- To make your dinghy ride as dry as possible you need the biggest tubes you can get. On RIB's you should also look at the the shape of the hull and get first hand feedback but in general the higher you are the dryer you stay. Large tubes also give the boat more strength and provide a greater sense of stability. They are harder to board from the water and they are usually more expensive. Tube size will increase with boat size but favor boats with bigger tubes.
- PVC boats cost less but there is a reason. PVC boats breakdown in the sun. Our PVC dinghy is showing signs of sun damage after 2 years. This can be reduced with sun covers and special paint but it will be a constant battle. Hypalon boats are much more resistant to sun damage. Unfortunately some manufacturers are little confusing on the use of Hypalon in their boats so you need to be careful about their claims of Hypalon content but a quality Hypalon boat will last 10 years in the sun when a PVC boat will be looking ragged after 3 years.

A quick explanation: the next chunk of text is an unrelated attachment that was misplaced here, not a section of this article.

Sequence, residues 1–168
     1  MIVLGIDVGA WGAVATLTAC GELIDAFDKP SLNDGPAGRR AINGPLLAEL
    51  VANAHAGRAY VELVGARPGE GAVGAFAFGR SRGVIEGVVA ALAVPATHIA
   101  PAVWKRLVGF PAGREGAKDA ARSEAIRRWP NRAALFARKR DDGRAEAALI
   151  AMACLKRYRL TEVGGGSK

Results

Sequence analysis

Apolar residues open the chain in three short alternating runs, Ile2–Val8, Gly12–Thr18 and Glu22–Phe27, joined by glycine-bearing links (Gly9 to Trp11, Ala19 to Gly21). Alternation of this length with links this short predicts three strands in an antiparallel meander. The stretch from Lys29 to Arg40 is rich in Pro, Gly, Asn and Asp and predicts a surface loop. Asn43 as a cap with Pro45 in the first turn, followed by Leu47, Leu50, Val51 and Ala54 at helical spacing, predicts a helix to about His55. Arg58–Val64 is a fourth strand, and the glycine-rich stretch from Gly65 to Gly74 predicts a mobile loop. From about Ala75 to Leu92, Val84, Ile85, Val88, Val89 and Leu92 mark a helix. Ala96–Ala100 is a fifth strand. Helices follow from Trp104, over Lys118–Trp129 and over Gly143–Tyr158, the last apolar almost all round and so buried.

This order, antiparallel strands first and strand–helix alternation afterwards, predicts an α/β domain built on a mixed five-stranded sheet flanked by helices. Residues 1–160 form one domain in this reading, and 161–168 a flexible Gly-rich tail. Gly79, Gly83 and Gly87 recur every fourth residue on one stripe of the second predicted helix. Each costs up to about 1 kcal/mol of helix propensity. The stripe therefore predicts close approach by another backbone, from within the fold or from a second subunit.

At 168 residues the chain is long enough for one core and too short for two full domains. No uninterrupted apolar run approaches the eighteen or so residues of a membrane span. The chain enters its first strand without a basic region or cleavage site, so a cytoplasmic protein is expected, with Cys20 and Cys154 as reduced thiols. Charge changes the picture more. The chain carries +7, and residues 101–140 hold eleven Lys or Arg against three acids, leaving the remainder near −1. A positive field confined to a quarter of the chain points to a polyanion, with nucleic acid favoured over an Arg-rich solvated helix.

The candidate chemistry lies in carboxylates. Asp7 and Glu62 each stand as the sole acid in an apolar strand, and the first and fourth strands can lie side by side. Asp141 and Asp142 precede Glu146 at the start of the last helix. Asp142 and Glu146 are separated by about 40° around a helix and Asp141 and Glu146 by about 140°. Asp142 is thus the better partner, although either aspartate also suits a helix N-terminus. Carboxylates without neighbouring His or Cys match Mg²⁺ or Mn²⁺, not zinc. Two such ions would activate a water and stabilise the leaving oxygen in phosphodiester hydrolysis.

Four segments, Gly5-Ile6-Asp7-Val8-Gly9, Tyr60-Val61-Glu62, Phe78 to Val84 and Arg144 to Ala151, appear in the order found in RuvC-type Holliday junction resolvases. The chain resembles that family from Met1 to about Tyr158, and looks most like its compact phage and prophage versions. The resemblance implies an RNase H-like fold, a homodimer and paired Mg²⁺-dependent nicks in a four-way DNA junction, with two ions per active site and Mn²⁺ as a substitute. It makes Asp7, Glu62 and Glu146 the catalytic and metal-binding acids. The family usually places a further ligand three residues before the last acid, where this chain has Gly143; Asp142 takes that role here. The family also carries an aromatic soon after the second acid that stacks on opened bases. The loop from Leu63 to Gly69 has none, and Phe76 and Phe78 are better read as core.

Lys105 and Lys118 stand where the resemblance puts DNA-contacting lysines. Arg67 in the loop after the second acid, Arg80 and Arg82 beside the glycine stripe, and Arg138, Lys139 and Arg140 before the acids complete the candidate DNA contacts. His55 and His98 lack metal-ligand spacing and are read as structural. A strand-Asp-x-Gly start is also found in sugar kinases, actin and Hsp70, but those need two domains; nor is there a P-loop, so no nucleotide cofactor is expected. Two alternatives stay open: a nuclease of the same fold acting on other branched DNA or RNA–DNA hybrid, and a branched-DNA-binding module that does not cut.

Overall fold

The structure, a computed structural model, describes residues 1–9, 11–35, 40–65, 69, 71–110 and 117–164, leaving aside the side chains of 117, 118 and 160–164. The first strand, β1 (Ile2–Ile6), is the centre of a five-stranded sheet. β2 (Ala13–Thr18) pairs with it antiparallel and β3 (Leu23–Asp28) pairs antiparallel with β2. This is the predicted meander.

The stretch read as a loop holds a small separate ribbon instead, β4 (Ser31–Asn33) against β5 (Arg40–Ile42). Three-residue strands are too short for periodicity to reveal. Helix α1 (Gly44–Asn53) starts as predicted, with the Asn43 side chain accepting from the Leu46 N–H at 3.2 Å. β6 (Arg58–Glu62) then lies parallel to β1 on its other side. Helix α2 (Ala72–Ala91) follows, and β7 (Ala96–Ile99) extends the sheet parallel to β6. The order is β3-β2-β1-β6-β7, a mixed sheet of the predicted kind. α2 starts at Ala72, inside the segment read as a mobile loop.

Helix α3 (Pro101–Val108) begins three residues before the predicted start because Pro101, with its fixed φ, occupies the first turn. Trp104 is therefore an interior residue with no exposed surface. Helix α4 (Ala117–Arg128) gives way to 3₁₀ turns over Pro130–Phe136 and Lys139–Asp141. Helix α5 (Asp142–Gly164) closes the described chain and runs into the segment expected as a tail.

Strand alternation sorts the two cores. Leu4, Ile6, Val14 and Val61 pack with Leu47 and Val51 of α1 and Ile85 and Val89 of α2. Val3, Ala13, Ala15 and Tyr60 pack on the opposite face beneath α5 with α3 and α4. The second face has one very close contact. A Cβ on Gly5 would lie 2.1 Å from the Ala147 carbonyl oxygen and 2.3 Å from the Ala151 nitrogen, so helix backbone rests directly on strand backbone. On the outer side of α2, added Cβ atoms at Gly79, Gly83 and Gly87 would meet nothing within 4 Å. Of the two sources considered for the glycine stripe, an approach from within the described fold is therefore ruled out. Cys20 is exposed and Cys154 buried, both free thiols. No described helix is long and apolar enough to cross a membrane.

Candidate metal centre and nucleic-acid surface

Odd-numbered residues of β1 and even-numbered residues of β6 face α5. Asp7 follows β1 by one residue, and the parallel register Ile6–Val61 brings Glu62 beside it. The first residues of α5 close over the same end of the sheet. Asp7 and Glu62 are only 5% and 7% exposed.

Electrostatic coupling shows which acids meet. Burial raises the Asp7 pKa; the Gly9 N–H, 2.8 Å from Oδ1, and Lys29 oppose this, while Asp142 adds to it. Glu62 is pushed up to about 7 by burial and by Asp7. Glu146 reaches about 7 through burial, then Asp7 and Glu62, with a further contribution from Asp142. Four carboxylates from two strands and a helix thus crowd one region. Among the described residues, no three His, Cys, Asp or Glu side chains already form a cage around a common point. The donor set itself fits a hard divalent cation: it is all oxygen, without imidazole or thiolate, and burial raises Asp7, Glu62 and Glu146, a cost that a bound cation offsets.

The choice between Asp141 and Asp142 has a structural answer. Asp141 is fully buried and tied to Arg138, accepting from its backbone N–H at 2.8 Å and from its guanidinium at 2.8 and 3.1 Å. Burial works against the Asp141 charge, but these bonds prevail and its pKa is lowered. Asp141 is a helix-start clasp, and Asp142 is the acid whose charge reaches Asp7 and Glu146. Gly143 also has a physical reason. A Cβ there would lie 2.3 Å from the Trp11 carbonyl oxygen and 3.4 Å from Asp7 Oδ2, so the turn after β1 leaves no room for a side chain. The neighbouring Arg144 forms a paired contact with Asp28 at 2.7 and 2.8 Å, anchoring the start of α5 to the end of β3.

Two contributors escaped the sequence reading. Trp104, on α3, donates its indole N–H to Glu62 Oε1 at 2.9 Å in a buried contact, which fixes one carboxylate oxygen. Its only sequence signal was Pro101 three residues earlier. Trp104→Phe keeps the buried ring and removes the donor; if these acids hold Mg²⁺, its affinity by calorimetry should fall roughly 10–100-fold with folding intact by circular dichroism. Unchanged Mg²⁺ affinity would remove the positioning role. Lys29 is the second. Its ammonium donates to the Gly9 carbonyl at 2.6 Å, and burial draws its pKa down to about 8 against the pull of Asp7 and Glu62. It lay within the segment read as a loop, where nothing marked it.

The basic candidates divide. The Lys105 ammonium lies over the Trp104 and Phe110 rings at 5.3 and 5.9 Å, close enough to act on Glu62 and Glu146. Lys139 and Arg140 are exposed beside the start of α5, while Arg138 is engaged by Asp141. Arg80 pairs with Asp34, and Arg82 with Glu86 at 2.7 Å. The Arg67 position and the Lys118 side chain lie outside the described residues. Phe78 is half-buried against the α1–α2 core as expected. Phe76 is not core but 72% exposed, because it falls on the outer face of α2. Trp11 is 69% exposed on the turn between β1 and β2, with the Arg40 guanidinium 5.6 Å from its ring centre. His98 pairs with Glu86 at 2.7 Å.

- If you are still working while getting ready for the big adventure then you may be spending money like a drunken sailor. If the budget is a secondary consideration then get a name brand Hypalon RIB. If you are budget conscious and are willing shop around then we feel the best deal in the RIB category is the New Zealand made Auqasport. It has an aluminum hull and large Hypalon tubes but we have seen sun damage to stitching in the sun cover and deterioration in some of the extras. A 10 ft boat costs under $1,700 US$ in New Zealand. For the cheap solution a used Hypalon boat would be the way to go but have it checked by a professional before you buy.